My first year at my church in Southern Louisiana, I traveled with our youth group, entirely young women as fate would have it, to a large city in Eastern Texas. Our camp was filled with youth groups from around the United States that ranged in denomination, as is always the case. What was different that year, however, was the events of our very first night following worship.
I decided to wear my Hogwarts jersey that my husband had procured for me, which was a deep red (Gryffindor) and had an old nickname of mine emblazoned on the top, “Rev.” Seems appropriate for a church camp, right? Well, apparently not. Within the first few minutes following worship that night it quickly became clear that the male leaders from every other church group, with one exception, would no longer speak to me. (And it had nothing to do with Harry Potter.)
I remember sitting down with the young women in our group that night and our other chaperone as we were having our “Hobbit Supper” (second dinner) and devotional, and talking to them about this experience. I shared with them that this was far from the first time I have had men in church leadership from other denominations look down their noses at me, sneer at me, or even try to argue scripture with me. Women in positions of authority, be it in the church or otherwise, have been facing similar reactions for decades. It is nothing new. Nevertheless, how we respond is important, I told them.
Hate, even disguised as “biblically correct” babble, is still hate.
Be it misogyny. Or racism. Or bigotry. Or any other way we choose to denigrate one another.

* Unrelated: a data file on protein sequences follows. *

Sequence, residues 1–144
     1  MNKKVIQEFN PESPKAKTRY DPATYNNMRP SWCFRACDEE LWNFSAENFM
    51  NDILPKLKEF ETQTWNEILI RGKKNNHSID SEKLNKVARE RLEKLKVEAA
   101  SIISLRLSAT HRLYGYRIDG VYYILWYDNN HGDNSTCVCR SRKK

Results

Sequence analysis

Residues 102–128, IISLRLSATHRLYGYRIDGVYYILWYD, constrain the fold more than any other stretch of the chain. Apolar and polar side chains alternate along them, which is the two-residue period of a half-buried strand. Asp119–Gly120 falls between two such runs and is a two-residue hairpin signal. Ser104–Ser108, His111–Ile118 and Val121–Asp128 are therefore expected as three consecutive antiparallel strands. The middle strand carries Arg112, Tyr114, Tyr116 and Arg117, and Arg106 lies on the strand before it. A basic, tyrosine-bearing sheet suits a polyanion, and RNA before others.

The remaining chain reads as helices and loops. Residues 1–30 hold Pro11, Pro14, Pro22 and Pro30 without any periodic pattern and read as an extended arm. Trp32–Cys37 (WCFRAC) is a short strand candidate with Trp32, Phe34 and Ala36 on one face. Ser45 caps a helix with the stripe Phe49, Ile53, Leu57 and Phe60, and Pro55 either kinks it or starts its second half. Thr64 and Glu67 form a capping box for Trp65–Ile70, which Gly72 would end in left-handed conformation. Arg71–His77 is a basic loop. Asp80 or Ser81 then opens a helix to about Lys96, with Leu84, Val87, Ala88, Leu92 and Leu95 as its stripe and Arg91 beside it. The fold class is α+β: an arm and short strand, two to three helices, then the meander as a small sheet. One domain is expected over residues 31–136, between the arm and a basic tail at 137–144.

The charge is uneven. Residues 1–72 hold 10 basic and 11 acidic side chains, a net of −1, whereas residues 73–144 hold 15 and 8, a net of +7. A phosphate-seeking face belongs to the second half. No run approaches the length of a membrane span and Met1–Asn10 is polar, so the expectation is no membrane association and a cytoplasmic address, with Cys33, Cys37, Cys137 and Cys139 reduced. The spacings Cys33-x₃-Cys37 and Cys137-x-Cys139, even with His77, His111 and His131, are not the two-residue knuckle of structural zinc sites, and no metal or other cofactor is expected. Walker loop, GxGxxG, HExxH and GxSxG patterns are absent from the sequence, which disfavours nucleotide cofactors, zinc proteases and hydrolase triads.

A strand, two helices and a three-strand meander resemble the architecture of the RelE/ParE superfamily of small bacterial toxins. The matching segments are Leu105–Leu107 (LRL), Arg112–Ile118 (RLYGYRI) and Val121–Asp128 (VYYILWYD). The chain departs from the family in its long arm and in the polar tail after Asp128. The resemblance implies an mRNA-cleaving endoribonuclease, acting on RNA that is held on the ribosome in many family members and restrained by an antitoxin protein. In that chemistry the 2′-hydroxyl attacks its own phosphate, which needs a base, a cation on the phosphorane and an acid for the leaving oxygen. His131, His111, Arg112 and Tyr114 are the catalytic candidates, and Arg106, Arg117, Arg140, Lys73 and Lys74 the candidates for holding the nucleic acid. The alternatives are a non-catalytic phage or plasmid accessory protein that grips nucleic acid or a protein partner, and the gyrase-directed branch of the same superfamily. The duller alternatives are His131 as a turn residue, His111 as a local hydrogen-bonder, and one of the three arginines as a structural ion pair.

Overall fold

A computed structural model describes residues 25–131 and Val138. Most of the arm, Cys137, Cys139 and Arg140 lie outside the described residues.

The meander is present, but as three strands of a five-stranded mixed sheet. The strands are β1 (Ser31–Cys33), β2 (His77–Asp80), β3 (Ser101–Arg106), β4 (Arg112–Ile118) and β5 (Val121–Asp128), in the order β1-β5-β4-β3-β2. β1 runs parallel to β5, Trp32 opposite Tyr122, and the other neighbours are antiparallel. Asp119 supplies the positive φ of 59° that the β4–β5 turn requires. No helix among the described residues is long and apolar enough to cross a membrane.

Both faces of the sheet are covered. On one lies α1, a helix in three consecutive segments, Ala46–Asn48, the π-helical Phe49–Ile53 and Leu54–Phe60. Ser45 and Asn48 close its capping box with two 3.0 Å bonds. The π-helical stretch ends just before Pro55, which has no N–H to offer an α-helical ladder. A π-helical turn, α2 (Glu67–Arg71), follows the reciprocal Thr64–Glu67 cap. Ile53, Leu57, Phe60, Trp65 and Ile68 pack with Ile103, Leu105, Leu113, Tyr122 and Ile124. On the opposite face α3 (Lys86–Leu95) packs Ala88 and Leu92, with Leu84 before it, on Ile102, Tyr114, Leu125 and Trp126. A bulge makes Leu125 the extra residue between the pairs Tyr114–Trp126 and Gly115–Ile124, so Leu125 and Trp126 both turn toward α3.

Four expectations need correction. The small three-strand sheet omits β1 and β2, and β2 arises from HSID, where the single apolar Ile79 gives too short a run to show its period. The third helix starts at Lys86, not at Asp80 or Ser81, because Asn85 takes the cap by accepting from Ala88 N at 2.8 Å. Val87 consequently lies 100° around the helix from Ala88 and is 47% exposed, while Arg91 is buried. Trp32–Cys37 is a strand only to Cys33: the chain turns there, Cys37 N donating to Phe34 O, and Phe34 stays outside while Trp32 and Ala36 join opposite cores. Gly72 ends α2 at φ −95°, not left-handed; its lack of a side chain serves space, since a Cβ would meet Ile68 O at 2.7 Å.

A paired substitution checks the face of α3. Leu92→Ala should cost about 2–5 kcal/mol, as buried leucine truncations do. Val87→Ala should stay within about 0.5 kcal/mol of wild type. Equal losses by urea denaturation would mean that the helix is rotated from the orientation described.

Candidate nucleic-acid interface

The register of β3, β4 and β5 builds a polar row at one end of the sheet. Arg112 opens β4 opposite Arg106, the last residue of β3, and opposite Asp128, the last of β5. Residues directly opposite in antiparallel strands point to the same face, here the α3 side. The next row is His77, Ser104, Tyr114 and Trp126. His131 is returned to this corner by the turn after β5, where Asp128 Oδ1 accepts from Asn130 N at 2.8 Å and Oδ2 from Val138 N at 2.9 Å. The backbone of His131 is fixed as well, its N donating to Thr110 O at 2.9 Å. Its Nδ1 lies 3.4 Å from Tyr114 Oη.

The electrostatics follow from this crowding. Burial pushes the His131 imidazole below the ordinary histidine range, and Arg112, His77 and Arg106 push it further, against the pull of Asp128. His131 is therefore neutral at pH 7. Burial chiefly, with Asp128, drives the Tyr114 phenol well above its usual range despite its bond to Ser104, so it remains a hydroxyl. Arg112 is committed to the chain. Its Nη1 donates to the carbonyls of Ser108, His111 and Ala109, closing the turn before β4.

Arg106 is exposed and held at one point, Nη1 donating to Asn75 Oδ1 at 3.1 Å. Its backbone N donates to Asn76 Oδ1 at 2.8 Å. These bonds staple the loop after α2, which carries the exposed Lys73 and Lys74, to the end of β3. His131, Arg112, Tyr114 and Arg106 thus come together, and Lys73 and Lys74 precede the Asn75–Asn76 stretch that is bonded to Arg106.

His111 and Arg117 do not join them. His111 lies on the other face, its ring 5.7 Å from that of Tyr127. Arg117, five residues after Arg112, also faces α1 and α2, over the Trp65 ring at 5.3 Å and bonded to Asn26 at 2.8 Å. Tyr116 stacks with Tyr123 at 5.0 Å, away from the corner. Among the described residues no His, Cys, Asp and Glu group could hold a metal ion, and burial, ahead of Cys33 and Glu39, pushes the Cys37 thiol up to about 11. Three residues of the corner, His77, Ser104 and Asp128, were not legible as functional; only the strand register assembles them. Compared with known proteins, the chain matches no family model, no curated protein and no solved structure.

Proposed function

Sometimes, we may not be in the correct headspace to respond in a Christ-like manner. Which is fair. When bullies pull up and keep trying to choose how and when we get to be upset – it’s hard.
Other times, though, there are ways to welcome Jesus’s call to peaceful resistance and non-violent protest.
For me, that can look like embracing the terrible things I have been called, like “harlot of satan” (true story), and wearing red, which is also the color of Pentecost, every chance I get.
For others, it may look like staring calmly in the face of the sniveling and indignant opposition when they hurl barb-wired blanks at you, knowing you’ve already won.
For still others, it may look like creating art that blatantly calls out the hatred of the body that has seemingly forever excommunicated you for who you are.
And for my young women that mission trip week, it looked like calling out the hate in our midst by talking about it openly with everyone we could at camp and then wearing Superwomen capes on our final night.
Jesus told us not to be doormats, but also not to give into the cycles of violence and oppression that will forever perpetuate themselves. By refusing to do so and creatively standing in opposition, we will not let hate win. We will stand with the real winning side. Which has always been and will forever be…